Thursday, December 8, 2011
Rehab like a Dog with a Rag
When I came home after my craniotomy (my first operation in which neurosurgeon removed as much of the tumor as she could”), my goal in rehab was to win her inaugural “Patient of the Month” award. While she didn’t have such and award and I’m not sure she was even thinking of creating such an award, I was telling my sister (who had come to stay with me during my first several weeks at home from the hospital) that our goal was to be so healthy at the six week mark, our first big review with my neurosurgeon, that she would have to create the award and give it to our family as a total effort – sort of like the Oscar for the “Best Picture” when everybody comes up on stage because it was a team effort.
In terms of physical activity, my doctor had laid down the law: she wanted me to be walking one and a half miles a day by our appointment at the six week mark, December 2nd.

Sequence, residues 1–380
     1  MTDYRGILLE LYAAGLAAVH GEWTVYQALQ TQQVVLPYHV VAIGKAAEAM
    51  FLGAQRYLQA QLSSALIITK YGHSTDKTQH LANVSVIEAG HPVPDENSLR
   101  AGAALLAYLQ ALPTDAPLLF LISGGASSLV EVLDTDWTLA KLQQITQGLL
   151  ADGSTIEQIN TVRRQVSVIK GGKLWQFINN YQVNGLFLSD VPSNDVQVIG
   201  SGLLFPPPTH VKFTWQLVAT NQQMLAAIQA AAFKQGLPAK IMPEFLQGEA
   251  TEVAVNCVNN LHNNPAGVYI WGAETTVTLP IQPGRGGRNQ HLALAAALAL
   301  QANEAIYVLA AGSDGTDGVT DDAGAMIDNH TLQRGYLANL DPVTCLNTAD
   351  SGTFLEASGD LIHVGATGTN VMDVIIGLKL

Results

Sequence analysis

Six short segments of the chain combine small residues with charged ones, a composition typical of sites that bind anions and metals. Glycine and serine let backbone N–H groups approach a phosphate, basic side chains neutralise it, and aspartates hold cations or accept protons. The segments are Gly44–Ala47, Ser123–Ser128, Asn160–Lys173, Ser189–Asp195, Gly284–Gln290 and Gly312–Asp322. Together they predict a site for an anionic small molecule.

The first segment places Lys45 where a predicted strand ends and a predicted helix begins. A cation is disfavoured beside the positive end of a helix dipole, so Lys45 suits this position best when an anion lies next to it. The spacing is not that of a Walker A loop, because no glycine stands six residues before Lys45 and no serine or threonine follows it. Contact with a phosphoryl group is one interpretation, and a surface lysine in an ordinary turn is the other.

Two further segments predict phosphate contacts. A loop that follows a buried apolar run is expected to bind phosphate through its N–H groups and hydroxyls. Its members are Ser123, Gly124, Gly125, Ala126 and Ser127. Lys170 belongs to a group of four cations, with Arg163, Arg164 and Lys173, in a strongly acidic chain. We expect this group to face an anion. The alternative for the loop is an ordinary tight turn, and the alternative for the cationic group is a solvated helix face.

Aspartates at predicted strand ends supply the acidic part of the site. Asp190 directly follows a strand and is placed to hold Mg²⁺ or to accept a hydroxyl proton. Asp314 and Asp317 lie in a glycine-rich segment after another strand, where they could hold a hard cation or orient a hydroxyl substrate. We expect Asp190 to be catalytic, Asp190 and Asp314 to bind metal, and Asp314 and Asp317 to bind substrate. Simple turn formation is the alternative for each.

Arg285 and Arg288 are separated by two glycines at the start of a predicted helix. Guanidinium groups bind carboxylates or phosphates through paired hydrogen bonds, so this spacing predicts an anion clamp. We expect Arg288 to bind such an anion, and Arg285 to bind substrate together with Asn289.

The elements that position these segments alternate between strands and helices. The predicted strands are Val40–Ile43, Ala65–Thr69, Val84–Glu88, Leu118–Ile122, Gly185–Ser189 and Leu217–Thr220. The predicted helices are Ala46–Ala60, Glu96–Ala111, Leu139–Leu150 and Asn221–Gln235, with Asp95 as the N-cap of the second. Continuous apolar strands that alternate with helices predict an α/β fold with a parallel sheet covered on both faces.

Ha! Finally, here was something I could do to help! I jumped on it like a “hobo on a ham sandwich.”
I started measuring the walking distance to local landmarks: the library, the Starbucks and the local grocery stores. Each day my sister, Louis (our eager part German shepherd, part Labrador dog) and I would talk at least two walks (and sometimes three).
Since I wanted to prove that I was delivering on my promise, on a daily basis I kept a log of a) where we walked to, and b) how far we went. I kept stats on our daily mileage and how that affected our overall cumulative average. And, hooray, I exceeded the doctor-prescribed goal of 1 ½ miles a day in the first day (see chart below).
Yes, I was anal about it.
When I got to a day when we logged over six miles, I called my neurosurgeon’s office and asked them if there was any benefit in going for seven, eight and nine miles a day? I could almost see this puzzled expression on her face saying “What?” The doctor’s assistant assured me that three miles a day was plenty, and that I should spend my time doing other things, like working on my “occupational” rehab activities.
This, of course, just reaffirmed my brother’s unspoken credo – “Anything worth doing is worth over-doing.”